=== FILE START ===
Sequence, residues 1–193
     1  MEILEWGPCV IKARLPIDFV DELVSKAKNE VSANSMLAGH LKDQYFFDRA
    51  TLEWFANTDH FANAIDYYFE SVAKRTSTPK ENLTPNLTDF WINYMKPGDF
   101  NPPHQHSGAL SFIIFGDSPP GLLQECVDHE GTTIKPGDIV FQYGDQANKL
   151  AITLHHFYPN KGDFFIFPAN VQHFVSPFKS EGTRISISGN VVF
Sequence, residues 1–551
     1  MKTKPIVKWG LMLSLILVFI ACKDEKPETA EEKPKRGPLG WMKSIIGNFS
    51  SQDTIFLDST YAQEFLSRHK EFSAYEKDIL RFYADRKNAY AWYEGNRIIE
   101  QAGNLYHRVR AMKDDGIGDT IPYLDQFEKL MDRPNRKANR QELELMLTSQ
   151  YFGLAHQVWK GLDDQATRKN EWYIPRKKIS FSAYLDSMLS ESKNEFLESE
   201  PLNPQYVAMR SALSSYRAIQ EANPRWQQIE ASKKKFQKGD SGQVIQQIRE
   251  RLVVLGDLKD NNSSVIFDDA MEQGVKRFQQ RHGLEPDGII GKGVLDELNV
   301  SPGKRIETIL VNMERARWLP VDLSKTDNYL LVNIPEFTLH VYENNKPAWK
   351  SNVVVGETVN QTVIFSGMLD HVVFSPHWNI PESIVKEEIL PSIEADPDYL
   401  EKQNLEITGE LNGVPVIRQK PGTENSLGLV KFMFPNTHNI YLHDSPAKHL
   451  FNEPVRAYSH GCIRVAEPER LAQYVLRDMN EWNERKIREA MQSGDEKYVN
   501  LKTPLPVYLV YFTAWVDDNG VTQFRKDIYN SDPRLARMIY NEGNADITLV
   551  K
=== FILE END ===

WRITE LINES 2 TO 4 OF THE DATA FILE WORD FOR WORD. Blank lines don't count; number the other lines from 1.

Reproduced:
     1  MEILEWGPCV IKARLPIDFV DELVSKAKNE VSANSMLAGH LKDQYFFDRA
    51  TLEWFANTDH FANAIDYYFE SVAKRTSTPK ENLTPNLTDF WINYMKPGDF
   101  NPPHQHSGAL SFIIFGDSPP GLLQECVDHE GTTIKPGDIV FQYGDQANKL